It’s relatively straightforward, I think, to measure monetary success when it comes to most careers: a university professor is granted tenure and will inch in on six figures before she retires; a fireman moves up the ladder, literally and financially speaking, from cadet to—if he’s lucky and smart—captain; a massage therapist with a steady clientele should never worry about paying the bills. But what about us artsy types? Specifically, what about writers? How do we measure monetary success in a realistic way?
I’ll tell you something I’ve never told anyone before, not even (until the writing of this article) my wife. I remember vividly the first time I thought of myself as monetarily successful. June of 2004. I’d just received the initial installment of the Canadian advance for my first novel, Three Day Road. As I removed my bank card from a downtown Toronto ATM, pocketing five crisp twenties and a statement that showed a balance bigger, by far, than I’d ever had, I thought to myself, ‘Joseph, gone are the days when you have to worry if you can afford to do this.’
I’d suddenly, without consciously recognizing it, become part of that economic group who had a little disposable income. And, to me, a financially paranoid man—due to a widowed mother who constantly threatened my many siblings and me that we were on a fast march to the poorhouse—this feeling was magnificent.
But, like all good things, what I’d come to think of as my very own warm and fuzzy security blanket was stripped crudely away from me the following spring. In hindsight, I was by no means rich before the taxman banged upon my door. I was far from it. Ridiculously so. That taxman, though, he took his pound of flesh and then some from a young artist naïve of things like income brackets. The fading scar he left, to this day, is a constant reminder.
For years before my first novel hit the shelves, I toiled—no, I slaved—at a teaching job in New Orleans. The money for the work was simply awful. My wife and I once figured out that our hourly wage as university instructors came to something right around minimum wage, but I would never have traded it for a job at McDonald’s or really, for anything else, other than the life of a writer. And then, when Three Day Road proved a hit in Canada and beyond, suddenly, the possibility presented itself. My wife (a novelist as well) and I crunched the numbers and realized that with our combined incomes we could actually do it. We could live the dream of every writer. We could, if we played it wisely, work only as authors.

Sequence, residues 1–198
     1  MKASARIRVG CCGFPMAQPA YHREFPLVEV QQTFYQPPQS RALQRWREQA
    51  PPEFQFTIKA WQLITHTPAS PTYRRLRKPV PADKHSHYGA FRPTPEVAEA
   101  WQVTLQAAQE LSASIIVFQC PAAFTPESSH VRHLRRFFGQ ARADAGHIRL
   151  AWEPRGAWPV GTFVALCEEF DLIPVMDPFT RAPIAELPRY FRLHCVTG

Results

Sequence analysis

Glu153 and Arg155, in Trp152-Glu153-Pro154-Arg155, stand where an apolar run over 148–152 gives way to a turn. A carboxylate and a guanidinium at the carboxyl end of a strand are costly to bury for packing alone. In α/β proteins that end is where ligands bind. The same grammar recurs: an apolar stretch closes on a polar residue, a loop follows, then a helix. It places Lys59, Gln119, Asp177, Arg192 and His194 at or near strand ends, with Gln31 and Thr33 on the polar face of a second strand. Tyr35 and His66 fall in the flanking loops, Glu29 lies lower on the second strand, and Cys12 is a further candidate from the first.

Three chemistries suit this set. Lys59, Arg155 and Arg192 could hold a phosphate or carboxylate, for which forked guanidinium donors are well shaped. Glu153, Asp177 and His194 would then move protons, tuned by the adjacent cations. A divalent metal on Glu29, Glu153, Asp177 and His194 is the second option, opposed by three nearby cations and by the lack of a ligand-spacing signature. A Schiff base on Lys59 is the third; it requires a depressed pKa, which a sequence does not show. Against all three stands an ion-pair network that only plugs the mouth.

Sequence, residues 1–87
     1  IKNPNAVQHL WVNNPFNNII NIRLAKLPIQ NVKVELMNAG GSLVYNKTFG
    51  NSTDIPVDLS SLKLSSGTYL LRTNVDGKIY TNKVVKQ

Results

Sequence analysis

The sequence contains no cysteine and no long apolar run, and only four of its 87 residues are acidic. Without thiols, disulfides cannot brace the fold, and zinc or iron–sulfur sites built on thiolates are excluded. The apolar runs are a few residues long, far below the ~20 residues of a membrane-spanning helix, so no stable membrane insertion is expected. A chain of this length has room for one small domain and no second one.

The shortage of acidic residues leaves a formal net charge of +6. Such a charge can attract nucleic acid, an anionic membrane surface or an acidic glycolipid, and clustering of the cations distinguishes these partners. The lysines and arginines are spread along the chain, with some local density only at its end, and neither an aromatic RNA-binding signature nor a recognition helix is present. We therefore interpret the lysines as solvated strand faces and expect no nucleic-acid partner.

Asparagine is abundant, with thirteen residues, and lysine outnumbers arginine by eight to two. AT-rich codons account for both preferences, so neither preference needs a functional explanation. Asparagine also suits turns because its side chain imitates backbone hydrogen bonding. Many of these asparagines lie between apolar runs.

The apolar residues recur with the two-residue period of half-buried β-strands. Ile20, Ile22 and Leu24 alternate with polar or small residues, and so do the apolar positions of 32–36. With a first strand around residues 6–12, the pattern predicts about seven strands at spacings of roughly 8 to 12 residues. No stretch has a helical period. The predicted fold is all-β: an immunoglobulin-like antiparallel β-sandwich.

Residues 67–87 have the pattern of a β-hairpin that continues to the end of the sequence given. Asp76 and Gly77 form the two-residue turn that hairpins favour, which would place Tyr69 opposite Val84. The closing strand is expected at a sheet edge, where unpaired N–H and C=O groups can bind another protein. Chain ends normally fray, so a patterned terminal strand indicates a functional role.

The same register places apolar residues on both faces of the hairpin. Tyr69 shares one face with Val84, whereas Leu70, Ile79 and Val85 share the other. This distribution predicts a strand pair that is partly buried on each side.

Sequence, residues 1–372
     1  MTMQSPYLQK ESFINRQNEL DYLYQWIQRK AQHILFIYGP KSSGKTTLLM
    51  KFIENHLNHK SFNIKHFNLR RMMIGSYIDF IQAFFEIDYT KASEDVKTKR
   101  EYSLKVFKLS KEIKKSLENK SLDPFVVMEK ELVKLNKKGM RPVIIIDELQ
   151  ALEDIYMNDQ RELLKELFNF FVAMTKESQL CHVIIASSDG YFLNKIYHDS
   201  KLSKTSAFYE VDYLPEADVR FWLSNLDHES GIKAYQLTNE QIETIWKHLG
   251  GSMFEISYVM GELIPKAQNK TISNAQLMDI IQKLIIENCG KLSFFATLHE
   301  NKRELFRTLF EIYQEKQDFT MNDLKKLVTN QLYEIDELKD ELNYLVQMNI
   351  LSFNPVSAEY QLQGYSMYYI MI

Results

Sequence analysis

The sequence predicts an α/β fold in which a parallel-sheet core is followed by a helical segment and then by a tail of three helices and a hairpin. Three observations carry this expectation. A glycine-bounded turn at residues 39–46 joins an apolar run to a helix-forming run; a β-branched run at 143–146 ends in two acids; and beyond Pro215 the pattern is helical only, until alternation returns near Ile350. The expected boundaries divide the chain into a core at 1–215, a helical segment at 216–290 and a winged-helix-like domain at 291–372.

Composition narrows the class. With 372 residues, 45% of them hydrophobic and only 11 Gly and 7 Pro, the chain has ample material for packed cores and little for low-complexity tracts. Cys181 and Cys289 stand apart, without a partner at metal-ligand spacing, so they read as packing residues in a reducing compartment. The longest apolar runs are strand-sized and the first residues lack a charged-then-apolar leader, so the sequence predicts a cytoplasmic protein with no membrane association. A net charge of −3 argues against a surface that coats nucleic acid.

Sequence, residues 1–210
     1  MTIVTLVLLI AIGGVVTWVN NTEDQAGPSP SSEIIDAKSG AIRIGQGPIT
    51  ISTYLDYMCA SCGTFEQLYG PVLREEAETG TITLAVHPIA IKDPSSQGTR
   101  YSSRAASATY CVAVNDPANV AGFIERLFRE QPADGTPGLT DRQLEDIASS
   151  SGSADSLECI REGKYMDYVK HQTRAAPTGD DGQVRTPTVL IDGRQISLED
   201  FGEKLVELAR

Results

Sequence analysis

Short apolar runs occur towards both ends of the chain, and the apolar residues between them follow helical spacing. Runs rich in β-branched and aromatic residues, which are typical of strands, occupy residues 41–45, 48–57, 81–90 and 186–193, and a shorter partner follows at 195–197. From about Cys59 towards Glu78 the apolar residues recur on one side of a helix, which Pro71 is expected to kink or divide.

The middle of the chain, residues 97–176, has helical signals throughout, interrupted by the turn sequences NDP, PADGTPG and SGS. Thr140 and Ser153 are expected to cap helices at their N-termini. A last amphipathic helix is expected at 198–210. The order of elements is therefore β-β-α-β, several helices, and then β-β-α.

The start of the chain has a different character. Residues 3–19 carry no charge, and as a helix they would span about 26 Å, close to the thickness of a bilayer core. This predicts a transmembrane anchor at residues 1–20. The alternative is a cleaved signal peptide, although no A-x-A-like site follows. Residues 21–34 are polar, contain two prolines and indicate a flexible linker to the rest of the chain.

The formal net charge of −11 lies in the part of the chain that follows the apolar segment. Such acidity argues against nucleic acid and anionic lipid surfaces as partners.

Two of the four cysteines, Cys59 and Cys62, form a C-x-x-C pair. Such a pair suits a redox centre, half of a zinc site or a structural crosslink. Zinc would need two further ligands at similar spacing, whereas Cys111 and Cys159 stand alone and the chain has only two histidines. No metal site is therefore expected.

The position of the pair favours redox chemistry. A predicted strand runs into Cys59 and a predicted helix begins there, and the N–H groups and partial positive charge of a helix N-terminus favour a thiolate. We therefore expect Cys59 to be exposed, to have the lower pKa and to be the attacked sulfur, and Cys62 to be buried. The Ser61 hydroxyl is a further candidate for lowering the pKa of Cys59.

There’s great trepidation, I imagine, for any person who leaves the comfort of a salaried job for the uncharted waters of self-employment. And this certainly holds true for a writer. You might or might not be surprised to know that very few writers, percentage-wise, live through the money made by their writing. Suddenly, you can no longer wait for the muse to strike, and the romantic idea of writing great odes by candlelight in the attic morphs into a nine-to-five job pounding a keyboard at the kitchen table. Insecurities about whether or not what you’re writing is good or crap are magnified with each month that the new bills arrive in the mailbox. I quickly learned that supplementing my royalties (an income that can vary widely each six months) with writing magazine articles offered a thin cushion. And certainly, I plan carefully now for that most depressing month when the taxman comes a-knocking. Basically, the life of the self-employed worker, writer or otherwise, means many early mornings of being woken by the niggling of self-doubt. But you push on. My wife and I, when we’re struggling with deadlines or with self-imposed writer’s block, only need remind the other that we’re doing it. We’re living our dream.
My wife recently had a health scare. Weeks went by when we suddenly saw the world through a different lens, and what had yesterday felt like givens were suddenly, we realized, blessings: health, each other, our future books. Thankfully, it turns out she was misdiagnosed, but I realized something I think is important. I’m not sure one needs to measure the average writer’s success in monetary terms. There are the Stephenie Meyers and the Stephen Kings on one end of the spectrum, and the self-published authors who actually lose money to see their work in book form on the other. Maybe judging success is as simple as holding the first copy of your book in your hands, still warm from the press. Yes. I think that’s it. The physical weight of your imagination held in your own two hands. Now that, I think, is success.